(e.g. 15 minutes) for further local use by non-governmental and tourism educators.
   Possible programmes might include: (i) What does tourism mean to The Gambia?
   (ii) How do tourists and tourism businesses see tourism in The Gambia? (iii) What
   is ASSET and how could it help your business? (iv) Using a pro-poor tourism
   model to increase your income? The script could also be amended for use by UK
   tour operators for training their destination resort staff.

?? The programme director has recommended a 26 episode soap opera, using puppets
   and voice-overs, set in a rural community that focuses on tourism as a
   development tool, would have broad audience appeal and be within the technical
   capabilities of GRTS production. This programme format would have a wider
   African audience potential. DFID Gambia will advise on the potential for this
   idea.

If some or all these follow-up actions materalise, then public awareness in The
Gambia will continue to be raised regarding the issue of tourism and poverty
alleviation.


6.12 Strengthening the Informal Sector

One of the implicit objectives of the project was to strengthen ASSET and to develop
an organisation which could be self sufficient and provide membership services acting
                                             36

         Harnessing Tourism for Poverty Elimination: A Blueprint from the Gambia
as a trade association for the informal sector, resolving conflicts within the sector,
developing new products through co-operation and maintaining good relationships
with the formal sector.

The creation of ASSET in April 2000 was a product of the British High Commission
funded workshop, which laid the basis for the Tourism Challenge Fund bid. In May
2001 ASSET had 11 paid-up members. ASSET now has a total paid membership of
39, with a further 20 in the process of joining.

Table 15 ASSET Membership April 2002

                No.                         Category of Membership
               5        Informal sector ground handlers
               12       Accommodation units
               04       Craft Markets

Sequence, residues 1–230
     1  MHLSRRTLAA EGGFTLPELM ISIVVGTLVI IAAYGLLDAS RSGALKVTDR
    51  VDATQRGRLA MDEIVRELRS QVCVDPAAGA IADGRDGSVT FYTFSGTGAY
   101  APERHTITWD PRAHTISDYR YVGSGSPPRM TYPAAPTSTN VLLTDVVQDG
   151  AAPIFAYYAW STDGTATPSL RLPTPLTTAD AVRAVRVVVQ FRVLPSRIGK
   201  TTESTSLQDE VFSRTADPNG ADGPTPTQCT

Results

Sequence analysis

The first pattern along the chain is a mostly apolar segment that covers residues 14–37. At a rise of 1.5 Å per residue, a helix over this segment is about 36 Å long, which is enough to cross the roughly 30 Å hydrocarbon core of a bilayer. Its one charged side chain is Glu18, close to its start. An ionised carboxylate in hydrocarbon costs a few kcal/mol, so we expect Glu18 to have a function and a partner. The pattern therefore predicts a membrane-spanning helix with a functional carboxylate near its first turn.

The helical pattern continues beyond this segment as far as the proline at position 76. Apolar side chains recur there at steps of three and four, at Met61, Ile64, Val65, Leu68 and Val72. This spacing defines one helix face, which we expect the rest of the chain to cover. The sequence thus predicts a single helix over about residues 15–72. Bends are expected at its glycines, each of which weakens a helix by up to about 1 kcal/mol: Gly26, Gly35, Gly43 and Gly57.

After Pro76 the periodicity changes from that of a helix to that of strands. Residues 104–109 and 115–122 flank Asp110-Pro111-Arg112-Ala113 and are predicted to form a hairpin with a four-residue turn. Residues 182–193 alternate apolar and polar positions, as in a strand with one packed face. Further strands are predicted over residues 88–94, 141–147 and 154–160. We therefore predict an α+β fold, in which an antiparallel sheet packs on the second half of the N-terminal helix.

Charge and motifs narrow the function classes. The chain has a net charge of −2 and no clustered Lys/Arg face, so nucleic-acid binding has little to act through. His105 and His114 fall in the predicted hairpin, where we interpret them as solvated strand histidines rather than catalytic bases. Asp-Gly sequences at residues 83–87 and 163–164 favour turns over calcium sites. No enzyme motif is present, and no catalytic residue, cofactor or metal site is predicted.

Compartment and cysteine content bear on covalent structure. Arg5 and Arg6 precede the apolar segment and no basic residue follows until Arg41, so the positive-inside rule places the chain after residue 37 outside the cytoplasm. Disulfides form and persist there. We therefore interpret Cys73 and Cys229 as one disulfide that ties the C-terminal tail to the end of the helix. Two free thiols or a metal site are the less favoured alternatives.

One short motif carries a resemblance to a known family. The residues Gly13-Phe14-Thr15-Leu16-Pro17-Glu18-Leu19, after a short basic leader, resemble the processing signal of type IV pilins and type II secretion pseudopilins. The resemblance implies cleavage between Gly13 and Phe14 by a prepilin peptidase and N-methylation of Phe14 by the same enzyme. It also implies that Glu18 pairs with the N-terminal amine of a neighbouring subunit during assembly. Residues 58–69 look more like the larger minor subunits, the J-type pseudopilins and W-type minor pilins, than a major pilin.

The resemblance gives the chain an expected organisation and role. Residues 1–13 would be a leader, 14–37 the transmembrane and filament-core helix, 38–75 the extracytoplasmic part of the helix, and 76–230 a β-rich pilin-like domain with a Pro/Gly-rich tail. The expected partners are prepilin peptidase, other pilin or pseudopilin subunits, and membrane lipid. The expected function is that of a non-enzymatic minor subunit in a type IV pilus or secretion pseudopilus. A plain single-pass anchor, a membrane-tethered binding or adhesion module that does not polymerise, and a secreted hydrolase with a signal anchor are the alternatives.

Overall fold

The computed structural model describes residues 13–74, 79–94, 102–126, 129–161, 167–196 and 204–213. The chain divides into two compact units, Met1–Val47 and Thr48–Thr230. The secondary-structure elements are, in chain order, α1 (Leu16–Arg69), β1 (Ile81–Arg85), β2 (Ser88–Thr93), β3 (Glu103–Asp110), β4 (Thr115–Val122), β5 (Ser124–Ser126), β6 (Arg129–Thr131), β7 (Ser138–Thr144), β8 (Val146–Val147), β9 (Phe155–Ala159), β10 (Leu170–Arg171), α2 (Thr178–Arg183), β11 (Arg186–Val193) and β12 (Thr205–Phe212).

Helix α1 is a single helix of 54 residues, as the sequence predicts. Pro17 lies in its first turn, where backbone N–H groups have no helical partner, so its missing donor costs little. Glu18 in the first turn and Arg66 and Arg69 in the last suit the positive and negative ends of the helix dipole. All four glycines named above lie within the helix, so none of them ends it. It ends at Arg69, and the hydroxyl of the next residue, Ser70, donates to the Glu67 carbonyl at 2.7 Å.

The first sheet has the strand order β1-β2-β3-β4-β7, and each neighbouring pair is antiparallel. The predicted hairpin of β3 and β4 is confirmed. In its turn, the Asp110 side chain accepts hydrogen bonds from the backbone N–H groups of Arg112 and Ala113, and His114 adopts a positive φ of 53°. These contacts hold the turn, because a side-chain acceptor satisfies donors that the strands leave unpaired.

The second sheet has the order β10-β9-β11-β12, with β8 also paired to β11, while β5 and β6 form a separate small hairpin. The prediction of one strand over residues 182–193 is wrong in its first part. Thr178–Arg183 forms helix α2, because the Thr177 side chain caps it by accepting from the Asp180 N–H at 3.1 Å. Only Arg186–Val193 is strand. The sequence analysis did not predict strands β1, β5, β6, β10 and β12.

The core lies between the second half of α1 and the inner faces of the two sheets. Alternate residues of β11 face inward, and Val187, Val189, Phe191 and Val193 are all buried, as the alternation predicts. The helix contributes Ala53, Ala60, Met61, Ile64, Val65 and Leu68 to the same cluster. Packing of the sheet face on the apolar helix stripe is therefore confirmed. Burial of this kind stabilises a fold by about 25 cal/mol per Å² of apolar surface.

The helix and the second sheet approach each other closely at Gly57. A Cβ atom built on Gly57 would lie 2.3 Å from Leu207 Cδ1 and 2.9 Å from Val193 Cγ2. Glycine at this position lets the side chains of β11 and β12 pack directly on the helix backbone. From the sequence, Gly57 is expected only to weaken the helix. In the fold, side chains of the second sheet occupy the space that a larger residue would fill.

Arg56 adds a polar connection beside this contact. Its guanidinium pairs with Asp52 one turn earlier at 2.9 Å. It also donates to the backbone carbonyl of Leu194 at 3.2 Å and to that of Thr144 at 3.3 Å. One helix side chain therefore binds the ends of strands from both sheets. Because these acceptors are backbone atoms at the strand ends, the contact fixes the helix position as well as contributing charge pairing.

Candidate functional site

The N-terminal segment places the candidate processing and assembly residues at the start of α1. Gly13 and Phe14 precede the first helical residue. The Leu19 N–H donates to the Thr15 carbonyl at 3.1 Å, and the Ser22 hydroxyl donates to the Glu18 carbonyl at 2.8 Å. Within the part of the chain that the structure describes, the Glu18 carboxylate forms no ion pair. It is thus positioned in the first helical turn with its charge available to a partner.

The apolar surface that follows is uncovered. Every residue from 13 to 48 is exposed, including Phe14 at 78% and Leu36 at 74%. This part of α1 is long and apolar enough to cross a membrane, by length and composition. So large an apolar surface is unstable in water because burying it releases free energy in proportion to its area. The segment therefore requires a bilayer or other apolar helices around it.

01       Ethical Tourism
               03       Cultural Tourism
               05       Ecotourism Camps
               05       Associations
               01       Agriculture
               03       Miscellaneous
               39       Total Membership

There are four national associations in membership, the two agricultural associations
are particularly important to the development of economic linkages between the
hotels and other tourism providers and the predominantly female informal/subsistence
agriculture sector.

        National Tourist Taxi Drivers Association            560 drivers,
        National Official Tourist Guides                     100 guides,
        National Women Farmer's Association               45,000 women countrywide,
        National Beekeepers Association                    360 members countrywide.

ASSET has grown considerably, both in membership and stature, as a consequence of
the project. As one member put it at the review meeting “the little people have found
a voice”. There is increasing recognition within the formal and informal sectors in
The Gambia of the importance of working together and competing with other
destinations rather than competing internally. The formal sector used to accuse the
informal sector of piracy and bumstering (taxi drivers were accused of being bumsters
behind a wheel), that is now less common than it was.

There has been considerable progress made in breaking down mistrust with other
parts of the informal sector, ASSET now has a conflict resolution committee and has
done a lot of good work in breaking down the hostility between the taxis, the formal
sector ground handlers and the licensed guides. These disputes rumble on as people
try to protect their position by seeking to deny access to part of the market to other
providers. ASSET is working with the new Gambian Tourism Authority (see Section